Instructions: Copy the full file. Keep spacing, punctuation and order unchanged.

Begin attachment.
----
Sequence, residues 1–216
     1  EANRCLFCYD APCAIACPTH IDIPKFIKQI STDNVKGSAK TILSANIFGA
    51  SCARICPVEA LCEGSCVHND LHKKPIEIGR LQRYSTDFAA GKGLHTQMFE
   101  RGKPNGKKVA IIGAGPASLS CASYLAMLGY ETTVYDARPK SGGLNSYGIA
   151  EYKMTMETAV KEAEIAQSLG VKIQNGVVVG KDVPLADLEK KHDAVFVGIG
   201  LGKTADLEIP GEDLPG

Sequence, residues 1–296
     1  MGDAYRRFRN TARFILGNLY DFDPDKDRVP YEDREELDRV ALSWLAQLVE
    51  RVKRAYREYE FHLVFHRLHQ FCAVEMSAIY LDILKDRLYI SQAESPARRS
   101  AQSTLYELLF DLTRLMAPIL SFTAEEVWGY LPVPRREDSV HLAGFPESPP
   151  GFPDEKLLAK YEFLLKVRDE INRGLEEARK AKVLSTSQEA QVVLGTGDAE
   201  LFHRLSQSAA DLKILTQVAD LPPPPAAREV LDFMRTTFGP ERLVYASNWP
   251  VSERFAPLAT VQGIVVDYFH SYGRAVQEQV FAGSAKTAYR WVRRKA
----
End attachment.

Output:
Sequence, residues 1–216
     1  EANRCLFCYD APCAIACPTH IDIPKFIKQI STDNVKGSAK TILSANIFGA
    51  SCARICPVEA LCEGSCVHND LHKKPIEIGR LQRYSTDFAA GKGLHTQMFE
   101  RGKPNGKKVA IIGAGPASLS CASYLAMLGY ETTVYDARPK SGGLNSYGIA
   151  EYKMTMETAV KEAEIAQSLG VKIQNGVVVG KDVPLADLEK KHDAVFVGIG
   201  LGKTADLEIP GEDLPG

Sequence, residues 1–296
     1  MGDAYRRFRN TARFILGNLY DFDPDKDRVP YEDREELDRV ALSWLAQLVE
    51  RVKRAYREYE FHLVFHRLHQ FCAVEMSAIY LDILKDRLYI SQAESPARRS
   101  AQSTLYELLF DLTRLMAPIL SFTAEEVWGY LPVPRREDSV HLAGFPESPP
   151  GFPDEKLLAK YEFLLKVRDE INRGLEEARK AKVLSTSQEA QVVLGTGDAE
   201  LFHRLSQSAA DLKILTQVAD LPPPPAAREV LDFMRTTFGP ERLVYASNWP
   251  VSERFAPLAT VQGIVVDYFH SYGRAVQEQV FAGSAKTAYR WVRRKA